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The Heart of an Exercise Routine

Por Leslie Rodríguez, RD, LD, Specialist in sports nutrition and physical activity at MyDiet™ -
The Heart of an Exercise Routine

What could do more damage to your heart than smoking a pack of cigarettes every day? A lack of physical activity can severely damage your heart.

If you do not engage in regular physical activity, you could double your risk of developing heart disease, increase your risk for diabetes, and also raise your risk for high blood pressure. Unfortunately, an estimated 65-85% of the world’s population does not get enough exercise. Heart disease due to a lack of physical activity can affect children as well. In fact, two out of three kids worldwide fail to exercise enough.

Your heart, an extremely strong muscle, must pump blood to every part of your body. Like any other muscle in your body, your heart gets stronger with regular exercise. Engaging in certain types of activity helps increase your cardiovascular fitness by improving blood circulation throughout your body.

A heart that has been strengthened as the result of regular cardiovascular exercise does not have to work as hard to circulate the blood through the body because each pump does its job more efficiently. Some research has indicated that exercise works much the same way as some heart medications. Exercise forces more blood to pass through your blood vessels. This action reduces inflammation, similar to how steroids work in your body. Scientists have linked inflammation to atherosclerosis (hardening of the arteries).

Vigorous and moderately vigorous exercise will most improve the condition of your heart and lungs, but low-intensity exercise also has its benefits. Vigorous activity includes dancing, bicycling, running, swimming, and walking briskly on a regular basis. Moderately vigorous activities, such as soccer, basketball, tennis and slower-paced walking, also improve the condition of your heart. The American Heart Association recommends engaging in one of these activities for at least 30 minutes three or four times a week.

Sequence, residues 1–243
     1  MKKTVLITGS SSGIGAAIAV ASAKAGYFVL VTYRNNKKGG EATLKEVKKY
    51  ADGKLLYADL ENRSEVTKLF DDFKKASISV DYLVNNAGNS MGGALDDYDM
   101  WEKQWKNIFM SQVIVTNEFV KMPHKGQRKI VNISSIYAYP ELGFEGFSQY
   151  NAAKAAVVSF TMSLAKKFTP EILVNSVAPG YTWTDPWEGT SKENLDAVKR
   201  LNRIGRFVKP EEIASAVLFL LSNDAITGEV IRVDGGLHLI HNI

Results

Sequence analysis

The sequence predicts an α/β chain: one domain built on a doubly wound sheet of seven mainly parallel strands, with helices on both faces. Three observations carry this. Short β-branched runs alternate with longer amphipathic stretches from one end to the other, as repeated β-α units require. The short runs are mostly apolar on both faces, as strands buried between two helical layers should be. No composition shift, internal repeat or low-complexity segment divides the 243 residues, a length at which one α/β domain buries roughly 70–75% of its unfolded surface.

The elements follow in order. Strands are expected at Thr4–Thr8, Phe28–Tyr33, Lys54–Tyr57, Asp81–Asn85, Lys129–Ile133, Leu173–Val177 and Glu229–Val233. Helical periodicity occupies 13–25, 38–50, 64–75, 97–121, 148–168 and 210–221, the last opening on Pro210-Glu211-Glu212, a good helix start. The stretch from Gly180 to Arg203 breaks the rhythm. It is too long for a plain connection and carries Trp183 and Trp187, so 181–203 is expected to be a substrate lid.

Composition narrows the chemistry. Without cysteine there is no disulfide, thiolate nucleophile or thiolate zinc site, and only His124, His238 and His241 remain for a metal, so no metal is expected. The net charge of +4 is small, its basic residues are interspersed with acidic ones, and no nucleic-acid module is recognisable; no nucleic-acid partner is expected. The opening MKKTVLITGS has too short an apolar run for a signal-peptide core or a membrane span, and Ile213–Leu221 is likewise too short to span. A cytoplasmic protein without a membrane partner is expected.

Low-intensity activities, such as baseball, gardening, housework and walking at a leisurely pace do not condition the heart and lungs much, but they have other long-term health benefits including improving coordination and muscle tone, relieving tension and burning up some calories.

Improving your heart health requires a lifetime of dedication. If you stop your aerobic routine, you'll lose the benefits it had on your heart. Fortunately, you don't have to run a marathon to reap the cardiac benefits of exercise. Even a moderate amount will do your heart some good. Consider taking a brisk 30-minute walk four or five days a week to help you control your weight, manage your stress, and leave you feeling less anxious and more optimistic. Not only will all of these factors help improve your heart health, but you'll also get your heart pumping faster to make it a more efficient and toned muscle!


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